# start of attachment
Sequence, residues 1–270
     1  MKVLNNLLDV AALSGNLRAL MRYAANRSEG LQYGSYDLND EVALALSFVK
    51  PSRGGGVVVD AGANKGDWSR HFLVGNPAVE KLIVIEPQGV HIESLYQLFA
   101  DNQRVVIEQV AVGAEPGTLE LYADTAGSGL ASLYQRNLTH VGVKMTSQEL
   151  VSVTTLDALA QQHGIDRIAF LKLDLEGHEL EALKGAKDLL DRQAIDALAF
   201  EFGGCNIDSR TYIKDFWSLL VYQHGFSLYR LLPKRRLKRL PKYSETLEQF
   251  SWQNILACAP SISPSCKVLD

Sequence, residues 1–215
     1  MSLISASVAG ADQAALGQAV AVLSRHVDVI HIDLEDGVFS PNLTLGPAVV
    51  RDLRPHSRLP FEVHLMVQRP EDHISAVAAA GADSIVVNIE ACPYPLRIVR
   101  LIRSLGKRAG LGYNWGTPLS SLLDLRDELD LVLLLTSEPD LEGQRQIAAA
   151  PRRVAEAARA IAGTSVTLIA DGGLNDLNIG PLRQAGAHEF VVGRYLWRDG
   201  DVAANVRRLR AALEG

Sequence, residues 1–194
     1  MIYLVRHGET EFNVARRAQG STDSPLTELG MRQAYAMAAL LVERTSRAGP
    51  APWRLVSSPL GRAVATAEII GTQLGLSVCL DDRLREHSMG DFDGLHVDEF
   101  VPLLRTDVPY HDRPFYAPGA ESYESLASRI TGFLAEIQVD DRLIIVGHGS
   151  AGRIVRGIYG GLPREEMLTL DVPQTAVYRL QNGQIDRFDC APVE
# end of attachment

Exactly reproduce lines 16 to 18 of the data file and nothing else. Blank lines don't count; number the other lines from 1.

    51  APWRLVSSPL GRAVATAEII GTQLGLSVCL DDRLREHSMG DFDGLHVDEF
   101  VPLLRTDVPY HDRPFYAPGA ESYESLASRI TGFLAEIQVD DRLIIVGHGS
   151  AGRIVRGIYG GLPREEMLTL DVPQTAVYRL QNGQIDRFDC APVE